In places where vaccinations have been available to everyone, for free, for nearly a year now, I really struggle to see how much of a risk a fully vaccinated and boosted person is adding to any equation. In countries where that’s not true yet, it’s another story.
Spain recognizes the success vaccines provide in preventing severe illness or death, and continues to offer citizens opportunities to become vaccinated themselves. Why don’t others?
Does Pre-Flight Testing Work?
Pre-flight testing is a measure that makes a full international rebound impossible for the travel industry. In places where vaccine access has been limited and people have not had the opportunity to be vaccinated, it’s still important — but what about places where that’s not the case?
To date, there’s been very little evidence to show increased benefit to the trajectories of national health situations in countries requiring pre-flight testing, versus others that do not.
It’s one of those things that sounds good, if the pursuit is having “zero” cases, but I’ve yet to see an expert who believes there will be a world with zero cases, maybe ever. They’re something we must learn to live with, as with other endemic illnesses.
This would suggest viruses travel anyway — they definitely do — so in places where covid-19 vaccines are fully available, the harm to recovery, economy and consumer confidence brought on by testing might be greater than the marginal benefit of maybe weeding out cases from fully vaccinated people.
So What’s The Solution?
This may be a bit controversial, but it’s my blog and my take and I can write whatever I want. And yes, as regulars will know, I do!
As much as I think people who have refused vaccines are a bit nuts for refusing to accept the incredibly conclusive data about how effective they are in preventing severe illness, hospitalization or death, I do believe in vital freedoms and liberties to make personal choices with our bodies. That goes for all sexes.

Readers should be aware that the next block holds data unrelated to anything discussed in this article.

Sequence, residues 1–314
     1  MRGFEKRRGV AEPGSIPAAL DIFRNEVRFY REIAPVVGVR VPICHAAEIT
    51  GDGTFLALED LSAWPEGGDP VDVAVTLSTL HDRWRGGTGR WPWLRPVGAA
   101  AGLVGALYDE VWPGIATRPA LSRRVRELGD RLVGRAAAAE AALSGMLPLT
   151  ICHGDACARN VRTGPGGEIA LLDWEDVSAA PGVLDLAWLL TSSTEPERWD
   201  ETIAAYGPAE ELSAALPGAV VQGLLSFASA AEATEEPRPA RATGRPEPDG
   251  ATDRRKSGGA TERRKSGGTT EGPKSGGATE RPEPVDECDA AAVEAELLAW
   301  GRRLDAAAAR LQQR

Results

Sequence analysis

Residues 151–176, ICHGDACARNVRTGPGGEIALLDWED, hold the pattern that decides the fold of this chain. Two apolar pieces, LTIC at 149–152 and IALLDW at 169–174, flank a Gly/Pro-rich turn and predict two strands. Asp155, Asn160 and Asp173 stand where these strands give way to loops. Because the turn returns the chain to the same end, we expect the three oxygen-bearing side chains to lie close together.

On that basis, I think fully vaccinated and boosted people should be exempt from testing for travel between countries where vaccines are readily available to anyone who wants one. Kinda the same way that countries stopped require proof of other vaccinations, like Typhoid fever, from certain countries.
Instead of banning the unvaccinated, they should be required to test within 1 day of travel via an approved lab which uploads results to a block chain level security system, to prevent fraud, and then be presented with a digitally verified QR code.
No more BS results — of which many believe up to 50% are fake.
This would eliminate testing fraud and therefore guarantee that anyone unvaccinated was truly negative within a day of travel, which significantly moves the risk needle, yet still allows personal choice.
I’m 100%, all about making travel easier for those who’ve taken the crucial step in becoming fully vaccinated, and also about not creating a reductionist society where only people who do things one way are included.
I’d love to live in a world where people believe in science over Facebook — sorry, Meta — conspiracy theorists, but until then, this is my best take on moving away from these brutally worrisome testing policies for vaccinated people, while protecting freedoms.
I certainly think more people might consider getting vaccinated if there were big, clear hoops removed in various aspects of life just for doing so. The difference in getting a test before every flight, with no certainty of whether you’d be able to go, versus the freedom of knowing that if you’re vaccinated, you’re free to go, would be big.